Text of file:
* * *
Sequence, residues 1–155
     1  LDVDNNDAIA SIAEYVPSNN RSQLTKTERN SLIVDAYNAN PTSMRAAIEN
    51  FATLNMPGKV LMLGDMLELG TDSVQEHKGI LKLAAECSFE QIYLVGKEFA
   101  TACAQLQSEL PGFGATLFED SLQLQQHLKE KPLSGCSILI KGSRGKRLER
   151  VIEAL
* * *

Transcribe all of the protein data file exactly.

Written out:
Sequence, residues 1–155
     1  LDVDNNDAIA SIAEYVPSNN RSQLTKTERN SLIVDAYNAN PTSMRAAIEN
    51  FATLNMPGKV LMLGDMLELG TDSVQEHKGI LKLAAECSFE QIYLVGKEFA
   101  TACAQLQSEL PGFGATLFED SLQLQQHLKE KPLSGCSILI KGSRGKRLER
   151  VIEAL